Can My Social Media Accounts Be Used As Evidence Against Me? 

 January 15, 2015

By  LMW Attorneys

This past year, 76 percent of all adult Internet users were on some form of social media account according to the Pew Research Group. Many of those users were on multiple sites, including Twitter, Facebook, Tumblr and Instagram. Social media has become so prevalent that it now makes up 60 percent of what we do online! But with every tweet, post or pin, we should be careful. Many individuals believe that they can remain anonymous while online. However, a little over-sharing online may land someone in a whole lot of trouble. Learn how your online activity has some real life consequences.

What You Post May Hurt You

In today’s world, we want to share everything, from the little moments to the big life achievements. However, if you are already in trouble with the law, sharing what you are doing might lead to some big trouble.

While it is unlikely that police are searching random social media profiles for criminal activity, they do check the sites of individuals who have been suspect or convicted of a crime. The police have caught many individuals with active warrants after the wanted person posted their whereabouts on social media. Additionally, social media can be used against you to build a case.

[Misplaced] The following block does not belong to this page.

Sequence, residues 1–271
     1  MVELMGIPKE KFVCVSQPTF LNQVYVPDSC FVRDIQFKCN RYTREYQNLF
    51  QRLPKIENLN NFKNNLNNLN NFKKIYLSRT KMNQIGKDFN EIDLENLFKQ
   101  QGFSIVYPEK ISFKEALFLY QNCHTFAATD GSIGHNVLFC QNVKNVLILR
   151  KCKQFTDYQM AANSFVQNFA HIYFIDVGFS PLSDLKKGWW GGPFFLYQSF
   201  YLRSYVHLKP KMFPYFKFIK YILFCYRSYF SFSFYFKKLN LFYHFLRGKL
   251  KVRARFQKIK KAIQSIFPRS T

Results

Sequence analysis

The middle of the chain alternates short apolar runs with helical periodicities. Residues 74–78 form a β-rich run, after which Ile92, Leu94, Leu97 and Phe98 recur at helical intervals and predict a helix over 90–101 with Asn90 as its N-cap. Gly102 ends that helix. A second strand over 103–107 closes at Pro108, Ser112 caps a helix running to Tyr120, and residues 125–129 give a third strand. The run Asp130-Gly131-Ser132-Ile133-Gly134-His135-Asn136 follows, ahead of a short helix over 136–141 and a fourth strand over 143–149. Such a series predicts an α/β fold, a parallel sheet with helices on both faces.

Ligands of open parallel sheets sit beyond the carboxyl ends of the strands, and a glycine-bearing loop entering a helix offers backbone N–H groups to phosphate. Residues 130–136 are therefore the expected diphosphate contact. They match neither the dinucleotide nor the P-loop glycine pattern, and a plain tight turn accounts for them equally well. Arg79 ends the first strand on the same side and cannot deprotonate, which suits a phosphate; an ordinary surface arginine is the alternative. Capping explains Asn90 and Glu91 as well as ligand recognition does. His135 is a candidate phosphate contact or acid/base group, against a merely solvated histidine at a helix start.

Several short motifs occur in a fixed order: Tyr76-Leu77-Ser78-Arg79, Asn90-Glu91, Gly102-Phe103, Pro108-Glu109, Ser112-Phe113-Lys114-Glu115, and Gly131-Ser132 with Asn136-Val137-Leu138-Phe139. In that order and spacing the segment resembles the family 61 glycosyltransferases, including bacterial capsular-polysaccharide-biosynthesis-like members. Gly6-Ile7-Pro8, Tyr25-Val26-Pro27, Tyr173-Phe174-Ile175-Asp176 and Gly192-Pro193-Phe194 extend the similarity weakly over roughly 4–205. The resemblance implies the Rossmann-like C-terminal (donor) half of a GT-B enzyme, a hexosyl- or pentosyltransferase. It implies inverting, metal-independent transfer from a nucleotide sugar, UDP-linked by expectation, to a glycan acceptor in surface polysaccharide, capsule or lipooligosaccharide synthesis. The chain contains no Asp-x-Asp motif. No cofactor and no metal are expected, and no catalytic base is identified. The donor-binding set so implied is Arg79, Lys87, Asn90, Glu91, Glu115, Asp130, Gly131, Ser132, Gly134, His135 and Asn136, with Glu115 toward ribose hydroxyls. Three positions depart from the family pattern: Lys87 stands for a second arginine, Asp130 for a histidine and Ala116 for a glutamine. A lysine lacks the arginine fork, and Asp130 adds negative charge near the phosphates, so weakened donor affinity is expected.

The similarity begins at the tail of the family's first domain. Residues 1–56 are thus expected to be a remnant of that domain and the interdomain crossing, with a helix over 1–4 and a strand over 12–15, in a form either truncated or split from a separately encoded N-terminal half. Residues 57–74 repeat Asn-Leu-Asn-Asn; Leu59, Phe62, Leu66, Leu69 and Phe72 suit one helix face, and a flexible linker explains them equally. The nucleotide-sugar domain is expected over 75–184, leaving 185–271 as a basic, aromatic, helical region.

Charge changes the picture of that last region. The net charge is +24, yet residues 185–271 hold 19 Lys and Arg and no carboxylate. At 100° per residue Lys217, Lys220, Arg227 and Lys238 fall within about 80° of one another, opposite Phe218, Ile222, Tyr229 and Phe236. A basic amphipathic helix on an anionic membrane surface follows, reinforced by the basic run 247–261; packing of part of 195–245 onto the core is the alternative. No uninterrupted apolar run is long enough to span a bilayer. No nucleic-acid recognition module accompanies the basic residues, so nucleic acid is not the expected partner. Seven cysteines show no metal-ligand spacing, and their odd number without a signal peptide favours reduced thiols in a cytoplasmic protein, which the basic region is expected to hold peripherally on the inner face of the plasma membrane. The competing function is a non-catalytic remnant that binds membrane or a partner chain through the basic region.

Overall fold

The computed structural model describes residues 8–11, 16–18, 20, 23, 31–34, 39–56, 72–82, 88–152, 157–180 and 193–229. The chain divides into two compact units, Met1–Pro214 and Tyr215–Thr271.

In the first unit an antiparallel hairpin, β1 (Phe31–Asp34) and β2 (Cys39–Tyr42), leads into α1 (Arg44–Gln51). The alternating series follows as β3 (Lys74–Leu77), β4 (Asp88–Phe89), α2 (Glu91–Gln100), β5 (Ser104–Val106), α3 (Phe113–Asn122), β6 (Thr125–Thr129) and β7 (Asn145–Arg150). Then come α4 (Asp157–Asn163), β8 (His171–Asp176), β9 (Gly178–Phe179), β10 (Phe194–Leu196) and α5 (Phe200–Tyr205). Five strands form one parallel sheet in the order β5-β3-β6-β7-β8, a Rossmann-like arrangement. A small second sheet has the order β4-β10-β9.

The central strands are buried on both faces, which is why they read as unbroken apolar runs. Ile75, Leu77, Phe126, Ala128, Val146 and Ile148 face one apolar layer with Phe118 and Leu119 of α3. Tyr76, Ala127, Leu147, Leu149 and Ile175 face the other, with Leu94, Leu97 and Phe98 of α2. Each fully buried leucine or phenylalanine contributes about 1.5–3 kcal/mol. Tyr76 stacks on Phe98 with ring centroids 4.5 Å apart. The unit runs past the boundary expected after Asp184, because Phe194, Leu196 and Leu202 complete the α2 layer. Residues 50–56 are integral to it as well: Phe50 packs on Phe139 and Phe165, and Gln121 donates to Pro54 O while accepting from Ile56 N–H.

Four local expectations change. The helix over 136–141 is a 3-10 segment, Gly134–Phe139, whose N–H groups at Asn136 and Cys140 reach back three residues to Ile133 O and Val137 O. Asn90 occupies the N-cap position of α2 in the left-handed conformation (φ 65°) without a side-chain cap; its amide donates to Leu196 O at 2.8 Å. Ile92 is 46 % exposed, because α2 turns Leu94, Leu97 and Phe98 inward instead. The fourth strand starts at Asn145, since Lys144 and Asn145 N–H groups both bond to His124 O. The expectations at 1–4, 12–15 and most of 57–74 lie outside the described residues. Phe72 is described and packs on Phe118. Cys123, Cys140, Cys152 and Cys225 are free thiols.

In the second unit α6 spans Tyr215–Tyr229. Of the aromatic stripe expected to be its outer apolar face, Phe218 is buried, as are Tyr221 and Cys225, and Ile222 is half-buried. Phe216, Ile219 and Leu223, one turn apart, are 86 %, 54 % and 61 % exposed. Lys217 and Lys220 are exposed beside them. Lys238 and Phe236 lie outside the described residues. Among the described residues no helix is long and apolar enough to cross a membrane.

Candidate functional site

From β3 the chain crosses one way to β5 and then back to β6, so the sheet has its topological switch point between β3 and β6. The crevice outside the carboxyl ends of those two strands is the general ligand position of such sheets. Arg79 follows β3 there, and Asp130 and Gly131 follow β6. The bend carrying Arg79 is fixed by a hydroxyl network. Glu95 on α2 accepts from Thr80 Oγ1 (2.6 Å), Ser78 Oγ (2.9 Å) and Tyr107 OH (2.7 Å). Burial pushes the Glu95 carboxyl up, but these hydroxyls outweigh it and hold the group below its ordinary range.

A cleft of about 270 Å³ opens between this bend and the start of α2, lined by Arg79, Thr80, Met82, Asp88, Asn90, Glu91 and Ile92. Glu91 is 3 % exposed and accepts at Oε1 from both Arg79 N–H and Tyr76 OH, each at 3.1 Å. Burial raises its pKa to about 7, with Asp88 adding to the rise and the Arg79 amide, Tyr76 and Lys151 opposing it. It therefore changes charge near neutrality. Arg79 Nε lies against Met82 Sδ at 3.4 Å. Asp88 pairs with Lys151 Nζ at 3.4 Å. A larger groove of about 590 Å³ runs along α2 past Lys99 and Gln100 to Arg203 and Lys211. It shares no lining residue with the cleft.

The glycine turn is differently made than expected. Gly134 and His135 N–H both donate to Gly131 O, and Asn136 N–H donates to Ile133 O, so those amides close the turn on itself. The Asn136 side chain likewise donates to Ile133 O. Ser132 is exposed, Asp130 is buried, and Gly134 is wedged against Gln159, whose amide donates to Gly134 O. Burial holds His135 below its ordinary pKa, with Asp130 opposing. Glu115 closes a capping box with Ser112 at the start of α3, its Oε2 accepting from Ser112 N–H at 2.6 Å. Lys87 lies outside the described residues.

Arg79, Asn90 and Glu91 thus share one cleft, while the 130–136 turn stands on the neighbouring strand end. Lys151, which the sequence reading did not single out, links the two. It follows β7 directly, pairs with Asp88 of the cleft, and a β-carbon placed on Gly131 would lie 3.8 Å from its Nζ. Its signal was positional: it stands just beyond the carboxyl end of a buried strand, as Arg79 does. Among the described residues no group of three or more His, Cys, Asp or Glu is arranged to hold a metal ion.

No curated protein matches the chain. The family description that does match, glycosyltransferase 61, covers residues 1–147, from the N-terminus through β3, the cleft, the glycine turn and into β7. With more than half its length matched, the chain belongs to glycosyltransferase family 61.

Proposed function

For example: Let us say Matt is on probation for an alcohol related incident. Under the terms of his probation, he must attend weekly AA meetings and avoid consuming alcohol. Later, Matt goes to a concert, and while there, drinks beer. Matt’s friend Sara takes a picture of Matt drinking the beer, uploads it her Facebook page and tags Matt. There is now evidence online that Matt has broken the terms of his probation. Because of this, Matt is now subject to additional punishments, and may even be facing jail time.

What About the Right to Privacy?

For some, this may feel like a breach of privacy. However, the fact is the Internet is not categorized as private. Courts have ruled again and again that individuals do not have a reasonable expectation to privacy online. This means that what we post can be used against us. Even if you have your account set so only your “friends” can see what you are posting, it is still considered public domain.

Contact an Attorney Today

If you or a loved one is facing criminal charges, call LMW today! Our legal team can help you navigate the difficult judicial system and fight vigorously to for your rights. Contact LMW today for a free consultation.